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10 Tips for People Who Think They Can’t Cook

Use this cooking advice to ramp up your skills—and transform from chef no to chef pro!

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Man prepares chicken wings with cranberry sauce in a home kitchenKucherAV/Getty Images

Remember, if you can read, you can cook

Easy for us to say, right? True story, though. A recipe is just an instruction manual for a great dish. Take the time to read through it before you start, much like you would (or should) any other set of instructions. Here’s how to read a recipe the right way.

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Woman cleaning a kitchen worktop with natural cleaning products lemon, bicarbonate of soda and vinegar.DOUGAL WATERS/GETTY IMAGES

Start clean!


Give yourself room to work. Clear the clutter to make sure you have enough space. Gather and clean the tools you need before you start. You don’t want to have to stop in the middle of the recipe to wash a pan or measuring cup.

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Home kitchen table top view with laptop, food ingredients, raw vegetables, kitchenware and utensils, top viewDEMAERRE/GETTY IMAGES

Know the terms


It’s important to learn a bit of the lingo before you get started. If the recipe calls for you to grease the pan or fold in egg whites, be sure you know what that means. Most general cooking terms are simple, but if you have any doubt, take a minute to look them up.

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Slicing onion on cutting board in kitchen. Cooking image.tsurukamedesign/getty Images

Do the mise en place thing


This fancy French phrase simply means “setting up.” A clean space is key, but you should also take time to measure and prepare your ingredients before you put a single thing in a pan. You can buy simple dollar-store prep bowls to hold everything. That way, when the heat’s on, you’re ready to go. (And you won’t forget that you’ve already added something important like hot sauce and do it twice. Not that we’d know anything about that.) Here are more tips we learned in culinary school.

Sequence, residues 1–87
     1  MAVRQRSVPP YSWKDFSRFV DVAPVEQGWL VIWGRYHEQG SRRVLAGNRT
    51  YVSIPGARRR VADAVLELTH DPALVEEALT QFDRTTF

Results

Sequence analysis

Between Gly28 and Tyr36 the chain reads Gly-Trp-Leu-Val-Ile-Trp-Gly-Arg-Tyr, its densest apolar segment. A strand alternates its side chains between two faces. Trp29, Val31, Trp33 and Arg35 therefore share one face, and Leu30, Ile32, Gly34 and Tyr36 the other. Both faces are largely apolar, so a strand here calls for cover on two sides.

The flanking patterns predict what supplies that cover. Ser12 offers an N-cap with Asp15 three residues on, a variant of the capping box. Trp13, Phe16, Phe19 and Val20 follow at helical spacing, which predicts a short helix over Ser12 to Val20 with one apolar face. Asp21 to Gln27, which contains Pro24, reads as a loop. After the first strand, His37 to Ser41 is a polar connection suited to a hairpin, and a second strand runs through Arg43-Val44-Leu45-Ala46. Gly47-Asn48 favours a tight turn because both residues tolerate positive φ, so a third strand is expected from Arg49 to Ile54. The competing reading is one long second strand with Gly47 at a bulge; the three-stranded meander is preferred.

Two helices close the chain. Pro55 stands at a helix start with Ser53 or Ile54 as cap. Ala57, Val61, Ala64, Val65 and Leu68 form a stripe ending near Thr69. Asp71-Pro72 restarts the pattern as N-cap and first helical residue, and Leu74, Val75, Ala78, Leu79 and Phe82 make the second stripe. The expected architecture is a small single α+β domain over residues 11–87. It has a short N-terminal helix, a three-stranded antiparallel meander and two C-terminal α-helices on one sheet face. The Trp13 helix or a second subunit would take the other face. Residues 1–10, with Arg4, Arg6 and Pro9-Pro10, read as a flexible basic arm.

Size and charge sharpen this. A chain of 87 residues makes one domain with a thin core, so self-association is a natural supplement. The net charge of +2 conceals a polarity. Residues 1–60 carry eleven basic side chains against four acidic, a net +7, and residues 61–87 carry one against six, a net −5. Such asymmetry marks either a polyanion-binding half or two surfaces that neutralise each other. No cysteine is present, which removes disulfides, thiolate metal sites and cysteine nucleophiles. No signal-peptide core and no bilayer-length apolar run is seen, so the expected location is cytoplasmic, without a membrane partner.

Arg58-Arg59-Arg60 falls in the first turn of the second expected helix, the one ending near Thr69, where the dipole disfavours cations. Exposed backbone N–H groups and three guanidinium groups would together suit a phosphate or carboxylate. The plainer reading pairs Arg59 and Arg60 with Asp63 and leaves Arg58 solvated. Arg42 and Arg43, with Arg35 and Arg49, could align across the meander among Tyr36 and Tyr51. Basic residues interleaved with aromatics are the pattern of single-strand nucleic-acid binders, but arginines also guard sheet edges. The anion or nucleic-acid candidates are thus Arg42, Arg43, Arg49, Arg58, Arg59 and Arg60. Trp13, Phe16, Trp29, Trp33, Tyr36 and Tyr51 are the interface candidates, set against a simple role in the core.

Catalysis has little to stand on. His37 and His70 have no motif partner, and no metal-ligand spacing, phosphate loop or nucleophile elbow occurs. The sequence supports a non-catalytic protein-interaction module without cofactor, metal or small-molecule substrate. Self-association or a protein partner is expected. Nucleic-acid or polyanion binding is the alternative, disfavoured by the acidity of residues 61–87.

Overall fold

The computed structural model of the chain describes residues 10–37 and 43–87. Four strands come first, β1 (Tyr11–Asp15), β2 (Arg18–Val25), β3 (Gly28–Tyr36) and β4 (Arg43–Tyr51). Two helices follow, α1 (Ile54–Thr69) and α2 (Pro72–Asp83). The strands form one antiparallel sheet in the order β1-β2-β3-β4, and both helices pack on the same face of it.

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Chef sprinkling cooking salt onto a raw ribeye steak while preparing dinner with fresh salad ingredients and herbs on the counter; Shutterstock ID 1181786554; Job (TFH, TOH, RD, BNB, CWM, CM): Taste of Homestockcreations/shutterstock

Use quality ingredients


You want ingredients that are fresh. Even though you got a bargain on that expired cake mix, you’ll be disappointed when it bakes up flat. Make sure your spices are fresh, too. (Heads up: They only keep 6 to 12 months). If you’re still using the ones in the tin cans, you should think about updating. You won’t have to update these everlasting pantry staples, though.

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taste of home frying panTaste of Home

Use quality tools


If you’re just starting out, try to splurge on one good pan. Think you might like cast iron? Check out the thrift stores; they’re a great resource. Decide which is the best type for you with our frying pan buying guide.

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Timer on kitchen worktop with cooling rack in the backgroundChristopher Elwell/Shutterstock

Watch the time


Don’t rely on your memory to keep track of time; distractions happen. Set a timer (or two) to help stay on task. Always start checking your meal five minutes before the given cook time. It’s easy to leave things cooking a little longer but near impossible to save something that’s overcooked.

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Pancakes onto the pan. Concept of Cooking ingredients and method on white marble background, Dessert recipes and homemade.ossphotostock/Getty Images

Break it down


Don’t be overwhelmed by the instructions—follow the steps, one by one, and you’ll be fine. Sometimes one step is a whole paragraph. Separate that into sentences and you’ll discover the recipe is not as hard as you thought.

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shutterstock_306416300 cooking vegetables kitchenlenetstan/Shutterstock

Be patient


Patience is definitely a virtue when you’re in the kitchen. Sauces need time to thicken; cakes need time to bake. Don’t try to rush a recipe. Take your time, stick to the plan, and you’ll have a dish to be proud of when the timer dings.

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The hands of a man is removing a burnt cake from the ovenlolostock/Getty Images

Imperfection is still perfection


Mistakes happen to all of us, from seasoned cooks to newbies. Most of the time those mistakes will still be edible, even if the food is not perfect. As Julia Child said, “No one is born a great cook. One learns by doing.” So go forth and do. The more you cook, the better cook you’ll become.

Sue Stetzel
Sue has been part of the Taste of Home family for over 16 years. Her collection of magazines dates back to the premier issue in 1993. When she isn’t writing, she’s answer your burning cooking questions and working with our team of Volunteer Field Editors.

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